Art: What's Truth, Beauty and Goodness Got to Do with It?

Revised May 20, 2002

If there is anything that artists, art theorists and art critics agree on, it's probably that making art is a truth-based activity. The stopper is the question "What is truth?"

One universally tenable answer is: "the fact of the immediate experience". Purely subjective, but the only truth to which we have direct access. Starting with that, we spin stories to explain it, to give it significance and meaning. Great many stories, some more creative than others, fit the facts of experience. Of course, none of them are the Truth. Yet there is a criterion for preferring one story over another: the quality of life we experience when we accept the story as true for all practical purposes.

In "Zen and the Art of Motorcycle Maintenance" Pirsig defined quality as "just what you like". The bottom line: "Do I like my life?" Answering "yes" (honestly) lends my story authority though it does not make it the truth.

Nothing, not even art can show the naked truth of experience. Art, too, can only tell a story about it. Even the act of presenting raw experience as art supplies context and interpretation by both the presenter and the viewer.

The story that art tells can be judged by the same criteria as any other stories we tell ourselves. What distinguishes the art stories from others is the degree of craftsmanship and imagination with which they are wrought. Good art is characterized by the effectiveness and efficiency with which it tells its story.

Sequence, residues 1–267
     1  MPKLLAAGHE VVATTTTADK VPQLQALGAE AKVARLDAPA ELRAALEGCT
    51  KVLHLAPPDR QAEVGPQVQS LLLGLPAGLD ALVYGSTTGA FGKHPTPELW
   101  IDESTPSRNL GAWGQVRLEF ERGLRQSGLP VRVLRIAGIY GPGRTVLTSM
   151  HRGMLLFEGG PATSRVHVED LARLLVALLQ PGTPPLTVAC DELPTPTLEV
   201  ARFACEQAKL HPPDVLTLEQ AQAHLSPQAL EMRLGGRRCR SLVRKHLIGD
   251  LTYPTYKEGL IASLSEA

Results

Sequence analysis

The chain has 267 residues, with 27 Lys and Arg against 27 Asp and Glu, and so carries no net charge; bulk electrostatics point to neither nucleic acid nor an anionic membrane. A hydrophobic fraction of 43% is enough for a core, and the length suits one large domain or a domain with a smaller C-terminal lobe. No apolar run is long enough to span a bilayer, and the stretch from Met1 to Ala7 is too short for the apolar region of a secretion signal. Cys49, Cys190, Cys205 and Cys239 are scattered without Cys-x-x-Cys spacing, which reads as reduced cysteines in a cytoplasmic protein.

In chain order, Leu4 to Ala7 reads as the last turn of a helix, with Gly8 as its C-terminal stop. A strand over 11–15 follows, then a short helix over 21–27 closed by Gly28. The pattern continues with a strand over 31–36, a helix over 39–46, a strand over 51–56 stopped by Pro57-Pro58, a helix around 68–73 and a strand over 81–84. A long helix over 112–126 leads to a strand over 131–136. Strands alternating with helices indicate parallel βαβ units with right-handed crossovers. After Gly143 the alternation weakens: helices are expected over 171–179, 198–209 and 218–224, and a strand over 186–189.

The truth of our immediate experience ranges from ecstatic to horrific. Pain is as unavoidable as pleasure. Yet our stories can put a positive or negative spin on the same truth of experience to make it a source of wonder and appreciation, or of horror and despair, or anything in between. Romantic idealists identified truth with beauty and beauty with goodness. Many modernists and post-modernists favored a view shaped by agnostic indeterminacy or disillusioned pessimism. But, of course, no one's stories are truer than anyone else's.

In the end, art seems to be a byproduct of our search, whether successful or futile, for truth, beauty and goodness in our experience of life. As such, it can illustrate our heart's desire, celebrate the quality of our life or express our disappointment in it.

Paul Wyszkowski